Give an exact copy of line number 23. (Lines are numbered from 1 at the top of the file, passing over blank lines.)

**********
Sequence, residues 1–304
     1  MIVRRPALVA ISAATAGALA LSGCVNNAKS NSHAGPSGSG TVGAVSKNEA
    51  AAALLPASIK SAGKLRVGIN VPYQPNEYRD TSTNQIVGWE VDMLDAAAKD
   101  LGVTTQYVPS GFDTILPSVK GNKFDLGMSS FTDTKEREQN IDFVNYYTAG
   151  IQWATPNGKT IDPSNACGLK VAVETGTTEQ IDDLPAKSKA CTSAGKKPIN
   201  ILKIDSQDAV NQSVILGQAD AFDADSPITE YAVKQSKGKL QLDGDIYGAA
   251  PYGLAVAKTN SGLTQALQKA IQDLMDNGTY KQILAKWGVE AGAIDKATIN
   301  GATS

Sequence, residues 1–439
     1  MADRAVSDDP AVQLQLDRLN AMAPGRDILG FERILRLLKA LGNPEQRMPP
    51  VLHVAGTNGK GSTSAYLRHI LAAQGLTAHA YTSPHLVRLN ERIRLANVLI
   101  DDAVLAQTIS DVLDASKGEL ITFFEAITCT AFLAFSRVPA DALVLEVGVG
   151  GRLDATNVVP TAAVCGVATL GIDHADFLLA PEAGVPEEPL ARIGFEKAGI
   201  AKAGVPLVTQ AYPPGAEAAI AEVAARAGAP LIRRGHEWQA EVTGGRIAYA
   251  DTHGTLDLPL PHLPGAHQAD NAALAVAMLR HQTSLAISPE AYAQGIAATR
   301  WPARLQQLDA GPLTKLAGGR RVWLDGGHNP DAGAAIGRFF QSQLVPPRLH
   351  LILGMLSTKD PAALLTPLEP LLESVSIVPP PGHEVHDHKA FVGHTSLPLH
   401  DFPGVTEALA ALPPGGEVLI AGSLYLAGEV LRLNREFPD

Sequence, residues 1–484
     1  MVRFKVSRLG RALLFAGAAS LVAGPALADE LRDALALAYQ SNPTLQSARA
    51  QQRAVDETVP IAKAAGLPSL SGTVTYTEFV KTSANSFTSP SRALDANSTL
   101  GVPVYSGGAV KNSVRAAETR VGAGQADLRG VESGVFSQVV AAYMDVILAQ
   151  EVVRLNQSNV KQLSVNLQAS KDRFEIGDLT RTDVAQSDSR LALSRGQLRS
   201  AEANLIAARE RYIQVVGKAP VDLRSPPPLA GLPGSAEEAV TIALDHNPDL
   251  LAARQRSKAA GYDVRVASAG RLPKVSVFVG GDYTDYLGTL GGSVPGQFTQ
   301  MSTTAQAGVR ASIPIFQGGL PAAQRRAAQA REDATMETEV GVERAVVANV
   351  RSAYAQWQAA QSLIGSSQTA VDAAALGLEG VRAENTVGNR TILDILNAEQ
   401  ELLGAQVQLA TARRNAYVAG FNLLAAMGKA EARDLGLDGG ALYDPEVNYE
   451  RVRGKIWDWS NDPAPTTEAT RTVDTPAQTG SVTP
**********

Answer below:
   151  EVVRLNQSNV KQLSVNLQAS KDRFEIGDLT RTDVAQSDSR LALSRGQLRS